Supreme Court Gives Force to Trump’s Travel Ban But He Can Vet Them For Diseases Too
Courthouse News Service) Giving force to pieces of President Donald Trump’s ban on Muslim travel in the United States, the Supreme Court took up the controversial case Monday as its last act before summer recess.
Consolidating twin challenges against the executive order, the high court noted that the injunctions put in place against Trump’s so-called travel ban prevented the government from initiating enforcement of any of the challenged provisions.
In demanding a stay of those injunctions, however, the government cited the likelihood of irreparable harm.
“Pointing to the descriptions of conditions in the six designated nations, the government argues that a 90-day pause on entry is necessary to prevent potentially dangerous individuals from entering the United States while the executive reviews the adequacy of information provided by foreign governments in connection with visa adjudications,” the unsigned opinion states. “Additionally, the government asserts, the temporary bar is needed to reduce the executive’s investigative burdens while this review proceeds.”
The six countries at issue are all Muslim-majority countries, Iran, Libya, Somalia, Sudan, Syria, and Yemen.
In addition to suspending U.S. entry by nationals from these countries for 90 days, the executive order suspends “decisions on applications for refugee status” and travel of refugees into the United States for 120 days.
Other provisions suspend any entries in excess of 50,000 refugees for fiscal year 2017, while also directing the chief of Homeland Security to determine whether foreign governments provide adequate information about nationals applying for U.S. visas.
Leading the challenge of the executive order are the state of Hawaii; Dr. Ismail Elshikh, an American citizen and imam whose Syrian mother-in-law is seeking entry to this country; and John Doe No. 1, a lawful permanent resident whose Iranian wife is seeking U.S. entry.
Though the Supreme Court kept the injunction in effect as it pertains to the challengers, it issued a partial stay that allows some of Trump’s travel-ban provisions to take effect.
Saying the lower courts’ injunctions went farther than necessary, the justices noted that they bar enforcement of the executive order “against foreign nationals abroad who have no connection to the United States at all.”
“Denying entry to such a foreign national does not burden any American party by reason of that party’s relationship with the foreign national,” the opinion states. “And the courts below did not conclude that exclusion in such circumstances would impose any legally relevant hardship on the foreign national himself. So whatever burdens may result from enforcement of §2(c) against a foreign national who lacks any connection to this country, they are, at a minimum, a good deal less concrete than the hardships identified by the courts below.”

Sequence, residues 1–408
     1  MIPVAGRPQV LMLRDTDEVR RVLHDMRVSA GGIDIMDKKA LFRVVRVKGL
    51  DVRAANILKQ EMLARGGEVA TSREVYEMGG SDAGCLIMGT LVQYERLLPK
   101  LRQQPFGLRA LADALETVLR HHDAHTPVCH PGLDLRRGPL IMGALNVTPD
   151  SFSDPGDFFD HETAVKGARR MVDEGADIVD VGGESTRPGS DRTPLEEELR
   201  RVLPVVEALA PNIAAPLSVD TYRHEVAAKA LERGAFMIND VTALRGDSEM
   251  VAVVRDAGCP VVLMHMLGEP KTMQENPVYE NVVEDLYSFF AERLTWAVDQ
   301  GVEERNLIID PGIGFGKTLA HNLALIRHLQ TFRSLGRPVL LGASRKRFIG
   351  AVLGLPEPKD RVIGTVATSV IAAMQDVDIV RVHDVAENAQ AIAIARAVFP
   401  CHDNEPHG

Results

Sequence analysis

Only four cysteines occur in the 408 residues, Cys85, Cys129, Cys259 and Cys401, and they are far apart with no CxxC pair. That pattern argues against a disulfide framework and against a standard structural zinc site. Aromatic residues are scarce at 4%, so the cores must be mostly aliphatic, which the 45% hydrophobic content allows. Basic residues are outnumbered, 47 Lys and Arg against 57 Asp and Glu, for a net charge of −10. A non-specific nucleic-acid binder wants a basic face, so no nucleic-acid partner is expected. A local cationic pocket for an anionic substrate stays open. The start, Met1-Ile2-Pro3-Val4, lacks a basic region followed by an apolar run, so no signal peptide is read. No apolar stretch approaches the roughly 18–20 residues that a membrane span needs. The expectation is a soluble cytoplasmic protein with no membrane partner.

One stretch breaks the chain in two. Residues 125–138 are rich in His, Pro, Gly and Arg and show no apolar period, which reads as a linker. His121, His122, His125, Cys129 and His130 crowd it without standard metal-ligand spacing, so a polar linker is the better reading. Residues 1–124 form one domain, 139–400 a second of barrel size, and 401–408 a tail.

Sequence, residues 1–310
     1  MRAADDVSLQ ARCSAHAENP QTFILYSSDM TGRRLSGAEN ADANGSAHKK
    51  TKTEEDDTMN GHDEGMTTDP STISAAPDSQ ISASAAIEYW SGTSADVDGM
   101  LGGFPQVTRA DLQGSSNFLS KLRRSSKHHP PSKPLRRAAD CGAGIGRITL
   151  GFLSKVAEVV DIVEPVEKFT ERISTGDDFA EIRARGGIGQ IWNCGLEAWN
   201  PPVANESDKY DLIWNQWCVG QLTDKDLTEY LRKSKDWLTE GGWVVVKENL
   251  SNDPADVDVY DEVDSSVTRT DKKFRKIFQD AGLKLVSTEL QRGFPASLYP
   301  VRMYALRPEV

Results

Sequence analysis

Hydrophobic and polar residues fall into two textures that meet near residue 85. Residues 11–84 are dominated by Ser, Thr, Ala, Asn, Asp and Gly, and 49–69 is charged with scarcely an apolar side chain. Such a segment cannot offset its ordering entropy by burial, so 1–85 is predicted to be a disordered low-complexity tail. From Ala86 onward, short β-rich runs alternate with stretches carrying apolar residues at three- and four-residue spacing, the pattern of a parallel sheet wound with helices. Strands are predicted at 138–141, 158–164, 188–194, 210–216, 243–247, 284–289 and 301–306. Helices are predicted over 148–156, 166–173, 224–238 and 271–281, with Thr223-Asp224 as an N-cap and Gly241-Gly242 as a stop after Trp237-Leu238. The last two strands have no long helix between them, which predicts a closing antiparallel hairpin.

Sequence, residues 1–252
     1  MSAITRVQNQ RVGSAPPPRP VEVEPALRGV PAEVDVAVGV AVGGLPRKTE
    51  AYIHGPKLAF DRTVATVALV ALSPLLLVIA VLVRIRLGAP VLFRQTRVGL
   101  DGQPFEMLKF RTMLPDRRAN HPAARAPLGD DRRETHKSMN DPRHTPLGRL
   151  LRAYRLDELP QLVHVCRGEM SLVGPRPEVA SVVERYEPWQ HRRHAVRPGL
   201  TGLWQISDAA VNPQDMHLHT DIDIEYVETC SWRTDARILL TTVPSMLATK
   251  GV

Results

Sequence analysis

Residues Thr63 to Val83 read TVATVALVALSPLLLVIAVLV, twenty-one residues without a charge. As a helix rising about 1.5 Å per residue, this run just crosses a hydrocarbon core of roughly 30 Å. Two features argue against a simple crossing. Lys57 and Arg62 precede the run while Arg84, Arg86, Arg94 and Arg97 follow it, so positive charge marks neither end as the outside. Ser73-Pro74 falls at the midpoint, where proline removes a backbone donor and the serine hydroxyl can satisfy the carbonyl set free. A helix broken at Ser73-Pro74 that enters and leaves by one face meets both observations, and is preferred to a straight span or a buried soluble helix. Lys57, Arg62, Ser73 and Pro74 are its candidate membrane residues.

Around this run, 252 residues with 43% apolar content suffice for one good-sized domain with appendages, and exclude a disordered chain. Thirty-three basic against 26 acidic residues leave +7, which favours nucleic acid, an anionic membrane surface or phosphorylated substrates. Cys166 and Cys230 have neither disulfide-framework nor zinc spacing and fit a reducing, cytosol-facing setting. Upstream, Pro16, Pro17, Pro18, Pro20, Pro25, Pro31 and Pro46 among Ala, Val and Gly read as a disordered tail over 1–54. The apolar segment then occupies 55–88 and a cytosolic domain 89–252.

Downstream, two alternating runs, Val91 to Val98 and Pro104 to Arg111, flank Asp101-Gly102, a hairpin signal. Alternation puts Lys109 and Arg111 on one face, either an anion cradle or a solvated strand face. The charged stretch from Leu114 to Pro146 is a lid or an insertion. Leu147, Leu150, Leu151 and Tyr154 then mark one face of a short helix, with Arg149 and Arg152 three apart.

The court agreed to keep the injunctions in place only with respect to the challengers themselves and those similarly situated.
“In practical terms, this means that §2(c) may not be enforced against foreign nationals who have a credible claim of a bona fide relationship with a person or entity in the United States,” the ruling states. “All other foreign nationals are subject to the provisions of EO–2.”
As for the injunction pertaining to refugees, the court found the injunction on this point overbroad as well.
“An American individual or entity that has a bona fide relationship with a particular person seeking to enter the country as a refugee can legitimately claim concrete hardship if that person is excluded,” the opinion states. “As to these individuals and entities, we do not disturb the injunction. But when it comes to refugees who lack any such connection to the United States, for the reasons we have set out, the balance tips in favor of the government’s compelling need to provide for the nation’s security.”
Monday’s lead opinion is unsigned, but Justices Neil Gorsuch and Samuel Alito joined a partial dissent by Justice Clarence Thomas that calls for a more thorough stay.
“It would have been reasonable, perhaps, for the court to have left the injunctions in place only as to respondents themselves,” Thomas wrote. “But the court takes the additional step of keeping the injunctions in place with regard to an unidentified, unnamed group of foreign nationals abroad. No class has been certified, and neither party asks for the scope of relief that the court today provides. ‘Injunctive relief should be no more burdensome to the defendant than necessary to provide complete relief to the plaintiffs’ in the case.”
Thomas predicts as well “that the court’s remedy will prove unworkable.”
“Today’s compromise will burden executive officials with the task of deciding — on peril of contempt — whether individuals from the six affected nations who wish to enter the United States have a sufficient connection to a person or entity in this country,” he wrote. “The compromise also will invite a flood of litigation until this case is finally resolved on the merits, as parties and courts struggle to determine what exactly constitutes a ‘bona fide relationship,’ who precisely has a ‘credible claim’ to that relationship, and whether the claimed relationship was formed ‘simply to avoid §2(c)’of Executive Order No. 13780. And litigation of the factual and legal issues that are likely to arise will presumably be directed to the two District Courts whose initial orders in these cases this court has now — unanimously — found sufficiently questionable to be stayed as to the vast majority of the people potentially affected.”